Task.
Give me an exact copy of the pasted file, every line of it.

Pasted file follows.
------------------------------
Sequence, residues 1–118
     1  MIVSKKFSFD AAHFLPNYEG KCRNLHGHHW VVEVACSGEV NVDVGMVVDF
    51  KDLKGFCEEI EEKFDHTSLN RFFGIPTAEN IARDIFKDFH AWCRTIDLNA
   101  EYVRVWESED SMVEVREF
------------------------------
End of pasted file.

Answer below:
Sequence, residues 1–118
     1  MIVSKKFSFD AAHFLPNYEG KCRNLHGHHW VVEVACSGEV NVDVGMVVDF
    51  KDLKGFCEEI EEKFDHTSLN RFFGIPTAEN IARDIFKDFH AWCRTIDLNA
   101  EYVRVWESED SMVEVREF